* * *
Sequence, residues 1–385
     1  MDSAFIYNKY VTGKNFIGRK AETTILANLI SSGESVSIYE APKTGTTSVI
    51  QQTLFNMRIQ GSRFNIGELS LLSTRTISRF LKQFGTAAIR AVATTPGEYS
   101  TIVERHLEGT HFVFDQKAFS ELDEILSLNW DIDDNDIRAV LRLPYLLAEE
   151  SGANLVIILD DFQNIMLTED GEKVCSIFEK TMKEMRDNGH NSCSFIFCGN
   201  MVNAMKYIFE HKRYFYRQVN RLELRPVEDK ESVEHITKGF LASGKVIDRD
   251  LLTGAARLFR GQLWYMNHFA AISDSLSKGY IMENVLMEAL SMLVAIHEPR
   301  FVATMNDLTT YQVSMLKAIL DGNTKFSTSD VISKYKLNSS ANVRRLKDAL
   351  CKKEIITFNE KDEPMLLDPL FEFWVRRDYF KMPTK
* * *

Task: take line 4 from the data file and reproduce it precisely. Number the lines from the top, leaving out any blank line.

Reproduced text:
   101  TIVERHLEGT HFVFDQKAFS ELDEILSLNW DIDDNDIRAV LRLPYLLAEE